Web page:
A referendum on whether Britain should remain a member of the European Union came a step closer when MPs overwhelmingly backed a public vote in 2017.
Conservative MPs put aside their differences over whether the UK should leave the EU by uniting in support of a backbench Bill to enshrine in law David Cameron’s promise of an in/out referendum. It was given a second reading by 304 votes to nil. Most Labour and Liberal Democrat MPs abstained after their party leaders dismissed it as a stunt, but six Labour Eurosceptics rebelled by voting in favour.
The Private Member’s Bill is unlikely to become law due to lack of parliamentary time. But the huge majority will keep up the pressure for a referendum – and for Labour to do U-turn by coming out in favour of one so that it is not isolated at the 2015 election.
Mr Cameron, who joined the packed Tory benches for the debate, said the Commons decision had brought “us one step closer to giving the British people a say on Europe.”
The EU (Referendum)Bill was introduced by James Wharton, the youngest Tory MP at 29, who said generations of people had been denied a say on Europe since the country decided to stay in at the 1975 referendum. “ I am not here today to put an argument about whether we should be in or out…but that we should let the British people have a say,” he said.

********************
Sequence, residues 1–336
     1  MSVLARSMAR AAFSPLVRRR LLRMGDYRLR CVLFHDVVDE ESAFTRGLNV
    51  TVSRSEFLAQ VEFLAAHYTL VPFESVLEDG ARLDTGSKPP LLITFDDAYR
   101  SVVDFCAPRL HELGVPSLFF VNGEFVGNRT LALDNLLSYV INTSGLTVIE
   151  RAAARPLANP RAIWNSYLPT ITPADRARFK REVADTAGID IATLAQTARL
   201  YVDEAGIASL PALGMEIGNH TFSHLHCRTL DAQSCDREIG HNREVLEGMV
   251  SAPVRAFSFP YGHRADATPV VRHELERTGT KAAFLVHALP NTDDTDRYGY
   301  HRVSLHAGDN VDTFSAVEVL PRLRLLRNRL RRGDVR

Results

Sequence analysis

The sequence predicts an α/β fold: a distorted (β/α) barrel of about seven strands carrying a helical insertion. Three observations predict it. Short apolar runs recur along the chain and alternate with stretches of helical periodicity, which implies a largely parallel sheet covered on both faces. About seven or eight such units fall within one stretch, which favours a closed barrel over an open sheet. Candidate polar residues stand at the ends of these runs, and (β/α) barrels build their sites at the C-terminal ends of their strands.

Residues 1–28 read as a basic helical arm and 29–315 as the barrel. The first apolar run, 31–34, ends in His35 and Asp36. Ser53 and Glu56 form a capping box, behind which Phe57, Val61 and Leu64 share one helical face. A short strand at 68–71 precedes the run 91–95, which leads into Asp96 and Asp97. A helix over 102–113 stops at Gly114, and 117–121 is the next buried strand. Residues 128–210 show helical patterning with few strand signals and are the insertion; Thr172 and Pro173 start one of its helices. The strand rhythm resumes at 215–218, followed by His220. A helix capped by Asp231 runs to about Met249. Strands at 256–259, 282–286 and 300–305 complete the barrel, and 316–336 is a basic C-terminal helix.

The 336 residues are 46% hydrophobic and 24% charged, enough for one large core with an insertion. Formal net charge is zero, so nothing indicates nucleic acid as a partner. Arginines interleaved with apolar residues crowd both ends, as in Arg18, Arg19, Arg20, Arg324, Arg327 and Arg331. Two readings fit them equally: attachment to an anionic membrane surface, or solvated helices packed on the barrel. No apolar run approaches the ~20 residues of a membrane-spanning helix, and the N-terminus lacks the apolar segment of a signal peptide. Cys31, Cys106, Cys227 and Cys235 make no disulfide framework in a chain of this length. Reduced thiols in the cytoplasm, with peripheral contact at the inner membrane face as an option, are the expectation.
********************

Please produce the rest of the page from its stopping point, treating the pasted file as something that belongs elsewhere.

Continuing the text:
William Hague, the Foreign Secretary, told the Commons it was "the right Bill, at the right time".
He said: "The efforts of those who want to build European integration without bringing the people with them have been utterly self-defeating.”
Challenged by Labour MPs, Mr Hague said he would vote in a referendum “to stay in a successfully reformed EU”, as would Mr Cameron. Many Tory MPs have already signalled they would vote to pull out.
For Labour, Douglas Alexander, the shadow Foreign Secretary, said: "We do not believe that an in/out referendum in 2017, as anticipated by this Bill, is in the national interest.” He said Mr Cameron’s referendum pledge had been “driven by weakness not by strength. This is about external electoral threats [from Ukip] and internal leadership threats. This is not about trusting the people, it is about these people [Tory MPs] not trusting the Prime Minister.”
However, Mr Alexander refused to rule out a change of heart on a referendum by Labour before the 2015 election and there are growing signs it will support one.
Although most Labour and Lib Dem MPs stayed away, several Labour Eurosceptics delighted the Tories by speaking in support of a referendum. Keith Vaz, chairman of the Commons Home Affairs Select Committee. He told MPs: “I believe this should be done sooner rather than later. I believe that we should do it now if we can. If not now, then certainly at the time of the next general election.”
The six Labour MPs who voted for the Bill were: Roger Godsiff (Birmingham, Hall Green), Kate Hoey (Vauxhall), Kelvin Hopkins (Luton North), Dennis Skinner (Bolsover), Graham Stringer (Blackley and Broughton) and Gisela Stuart (Birmingham, Edgbaston).
Simon Hughes, the Lib Dems’ deputy leader, said his constituents’ priorities were “jobs, growth and investment”, which would be put at risk by the uncertainty over EU membership caused by a 2017 referendum.